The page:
Environmental risks and sphingolipid signatures in adult asthma and its phenotypic clusters: A multicentre study

Chao Chien Wu, Chin Chou Wang, Wen Yu Chung, Chau Chyun Sheu, Yi Hsin Yang, Ming Yen Cheng, Ruay Sheng Lai, Sum Yee Leung, Chi Cheng Lin, Yu Feng Wei, Ching Hsiung Lin, Sheng Hao Lin, Jeng Yuan Hsu, Wei Chang Huang, Chia Cheng Tseng, Yung Fa Lai, Meng Hsuan Cheng, Huang Chi Chen, Chih Jen Yang, Shih Chang HsuChian Heng Su, Chien Jen Wang, Huei Ju Liu, Hua Ling Chen, Yuan Ting Hsu, Chih Hsing Hung, Chon Lin Lee, Ming Shyan Huang, Shau Ku Huang

Research output: Contribution to journalArticlepeer-review

7 Citations (Scopus)


Background: Adult asthma is phenotypically heterogeneous with unclear aetiology. We aimed to evaluate the potential contribution of environmental exposure and its ensuing response to asthma and its heterogeneity. Methods: Environmental risk was evaluated by assessing the records of National Health Insurance Research Database (NHIRD) and residence-based air pollution (particulate matter with diameter less than 2.5 micrometers (PM2.5) and PM2.5-bound polycyclic aromatic hydrocarbons (PAHs)), integrating biomonitoring analysis of environmental pollutants, inflammatory markers and sphingolipid metabolites in case-control populations with mass spectrometry and ELISA. Phenotypic clustering was evaluated by t-distributed stochastic neighbor embedding (t-SNE) integrating 18 clinical and demographic variables. Findings: In the NHIRD dataset, modest increase in the relative risk with time-lag effect for emergency (N=209 837) and outpatient visits (N=638 538) was observed with increasing levels of PM2.5 and PAHs. Biomonitoring analysis revealed a panel of metals and organic pollutants, particularly metal Ni and PAH, posing a significant risk for current asthma (ORs=1.28-3.48) and its severity, correlating with the level of oxidative stress markers, notably Nϵ-(hexanoyl)-lysine (r=0.108-0.311, p<0.05), but not with the accumulated levels of PM2.5 exposure. Further, levels of circulating sphingosine-1-phosphate and ceramide-1-phosphate were found to discriminate asthma (p<0.001 and p<0.05, respectively), correlating with the levels of PAH (r=0.196, p<0.01) and metal exposure (r=0.202-0.323, p<0.05), respectively, and both correlating with circulating inflammatory markers (r=0.186-0.427, p<0.01). Analysis of six phenotypic clusters and those cases with comorbid type 2 diabetes mellitus (T2DM) revealed cluster-selective environmental risks and biosignatures. Interpretation: These results suggest the potential contribution of environmental factors from multiple sources, their ensuing oxidative stress and sphingolipid remodeling to adult asthma and its phenotypic heterogeneity.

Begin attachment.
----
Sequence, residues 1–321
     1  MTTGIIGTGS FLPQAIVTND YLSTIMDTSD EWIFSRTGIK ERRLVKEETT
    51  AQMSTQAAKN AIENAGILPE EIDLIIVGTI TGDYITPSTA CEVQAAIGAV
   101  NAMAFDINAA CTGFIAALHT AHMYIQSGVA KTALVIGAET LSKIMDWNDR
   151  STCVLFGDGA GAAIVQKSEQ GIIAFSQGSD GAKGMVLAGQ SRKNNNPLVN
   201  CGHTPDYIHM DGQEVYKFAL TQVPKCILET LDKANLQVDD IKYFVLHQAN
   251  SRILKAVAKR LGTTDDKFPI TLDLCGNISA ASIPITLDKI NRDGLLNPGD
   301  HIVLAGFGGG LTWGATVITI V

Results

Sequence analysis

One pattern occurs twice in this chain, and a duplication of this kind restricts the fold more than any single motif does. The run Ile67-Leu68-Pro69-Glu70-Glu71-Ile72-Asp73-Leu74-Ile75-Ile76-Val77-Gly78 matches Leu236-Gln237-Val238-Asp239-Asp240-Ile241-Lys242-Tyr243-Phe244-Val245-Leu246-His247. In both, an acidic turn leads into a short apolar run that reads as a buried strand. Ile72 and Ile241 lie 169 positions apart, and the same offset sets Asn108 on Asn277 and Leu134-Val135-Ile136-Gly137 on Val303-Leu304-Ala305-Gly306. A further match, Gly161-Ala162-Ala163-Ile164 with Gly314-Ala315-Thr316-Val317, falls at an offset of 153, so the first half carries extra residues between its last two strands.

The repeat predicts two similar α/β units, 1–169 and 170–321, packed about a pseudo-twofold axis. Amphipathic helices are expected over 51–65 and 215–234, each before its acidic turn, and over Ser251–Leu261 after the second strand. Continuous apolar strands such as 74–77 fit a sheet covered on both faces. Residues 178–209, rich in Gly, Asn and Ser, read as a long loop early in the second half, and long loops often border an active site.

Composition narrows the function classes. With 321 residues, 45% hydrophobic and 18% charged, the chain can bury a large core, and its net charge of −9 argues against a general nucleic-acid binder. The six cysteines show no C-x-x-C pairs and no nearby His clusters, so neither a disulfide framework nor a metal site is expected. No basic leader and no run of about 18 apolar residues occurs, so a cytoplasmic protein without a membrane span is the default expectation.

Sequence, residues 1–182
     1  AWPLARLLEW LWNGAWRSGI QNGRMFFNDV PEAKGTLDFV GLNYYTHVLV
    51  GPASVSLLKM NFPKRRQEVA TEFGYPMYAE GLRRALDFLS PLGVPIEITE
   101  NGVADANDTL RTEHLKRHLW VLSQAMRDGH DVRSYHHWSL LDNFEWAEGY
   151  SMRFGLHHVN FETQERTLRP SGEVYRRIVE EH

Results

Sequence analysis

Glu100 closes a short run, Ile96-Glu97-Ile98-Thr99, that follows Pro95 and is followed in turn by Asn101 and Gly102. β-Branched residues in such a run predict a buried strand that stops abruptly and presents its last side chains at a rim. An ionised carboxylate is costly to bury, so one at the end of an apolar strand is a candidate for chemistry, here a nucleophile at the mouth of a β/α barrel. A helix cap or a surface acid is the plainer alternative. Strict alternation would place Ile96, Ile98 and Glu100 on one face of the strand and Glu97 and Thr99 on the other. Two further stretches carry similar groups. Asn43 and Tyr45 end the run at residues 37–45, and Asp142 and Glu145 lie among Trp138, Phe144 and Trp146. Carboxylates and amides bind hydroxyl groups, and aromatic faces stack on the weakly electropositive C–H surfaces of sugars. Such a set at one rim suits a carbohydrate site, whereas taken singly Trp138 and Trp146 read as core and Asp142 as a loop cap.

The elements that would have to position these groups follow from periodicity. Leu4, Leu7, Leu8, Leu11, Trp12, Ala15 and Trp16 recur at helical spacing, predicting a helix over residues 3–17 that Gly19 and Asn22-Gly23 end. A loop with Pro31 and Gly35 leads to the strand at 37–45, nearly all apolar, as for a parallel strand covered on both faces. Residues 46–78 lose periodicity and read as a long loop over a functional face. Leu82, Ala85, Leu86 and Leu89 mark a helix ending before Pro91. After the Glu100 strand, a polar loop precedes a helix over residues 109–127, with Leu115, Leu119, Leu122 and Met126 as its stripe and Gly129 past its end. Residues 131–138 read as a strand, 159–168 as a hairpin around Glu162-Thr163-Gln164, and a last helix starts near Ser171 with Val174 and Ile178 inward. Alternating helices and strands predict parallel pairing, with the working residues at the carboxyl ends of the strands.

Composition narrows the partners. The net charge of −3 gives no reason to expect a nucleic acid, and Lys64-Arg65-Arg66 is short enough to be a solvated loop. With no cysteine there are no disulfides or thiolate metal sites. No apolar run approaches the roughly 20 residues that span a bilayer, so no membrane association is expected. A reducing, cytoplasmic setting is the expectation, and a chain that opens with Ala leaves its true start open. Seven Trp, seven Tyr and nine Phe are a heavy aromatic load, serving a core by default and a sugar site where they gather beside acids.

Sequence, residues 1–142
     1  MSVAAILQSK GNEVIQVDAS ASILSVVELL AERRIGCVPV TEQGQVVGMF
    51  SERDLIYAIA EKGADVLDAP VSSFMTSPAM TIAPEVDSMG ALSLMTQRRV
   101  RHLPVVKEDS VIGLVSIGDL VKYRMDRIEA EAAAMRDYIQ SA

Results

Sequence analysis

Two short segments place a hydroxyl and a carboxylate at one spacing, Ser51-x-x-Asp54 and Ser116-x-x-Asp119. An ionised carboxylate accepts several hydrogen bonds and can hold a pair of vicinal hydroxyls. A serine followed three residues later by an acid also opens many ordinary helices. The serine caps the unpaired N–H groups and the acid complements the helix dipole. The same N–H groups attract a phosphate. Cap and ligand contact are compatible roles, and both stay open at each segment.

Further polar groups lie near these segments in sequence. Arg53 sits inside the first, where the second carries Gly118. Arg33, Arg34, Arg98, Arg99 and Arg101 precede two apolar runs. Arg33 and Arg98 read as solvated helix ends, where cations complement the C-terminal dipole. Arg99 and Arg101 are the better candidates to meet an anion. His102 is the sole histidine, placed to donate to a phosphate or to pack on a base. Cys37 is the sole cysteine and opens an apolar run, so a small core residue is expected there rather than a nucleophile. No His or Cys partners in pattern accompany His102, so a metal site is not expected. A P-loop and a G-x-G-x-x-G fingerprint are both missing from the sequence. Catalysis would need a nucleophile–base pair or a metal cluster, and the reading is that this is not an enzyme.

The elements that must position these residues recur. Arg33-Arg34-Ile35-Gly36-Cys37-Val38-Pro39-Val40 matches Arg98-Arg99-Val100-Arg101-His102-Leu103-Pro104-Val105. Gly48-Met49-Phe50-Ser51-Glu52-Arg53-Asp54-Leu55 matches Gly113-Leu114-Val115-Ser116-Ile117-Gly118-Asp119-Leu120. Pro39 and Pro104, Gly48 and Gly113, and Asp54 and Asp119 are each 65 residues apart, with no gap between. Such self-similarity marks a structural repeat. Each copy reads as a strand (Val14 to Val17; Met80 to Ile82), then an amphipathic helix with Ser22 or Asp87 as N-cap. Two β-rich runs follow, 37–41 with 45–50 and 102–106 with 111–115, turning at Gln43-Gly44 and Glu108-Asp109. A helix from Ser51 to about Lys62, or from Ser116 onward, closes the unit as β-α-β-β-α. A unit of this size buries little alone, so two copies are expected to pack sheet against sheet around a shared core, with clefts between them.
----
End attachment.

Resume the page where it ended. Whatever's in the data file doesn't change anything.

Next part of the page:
Original languageEnglish
Article number218396
Pages (from-to)225-232
Number of pages8
Issue number3
Publication statusAccepted/In press - 2022


  • Asthma

ASJC Scopus subject areas

  • Pulmonary and Respiratory Medicine


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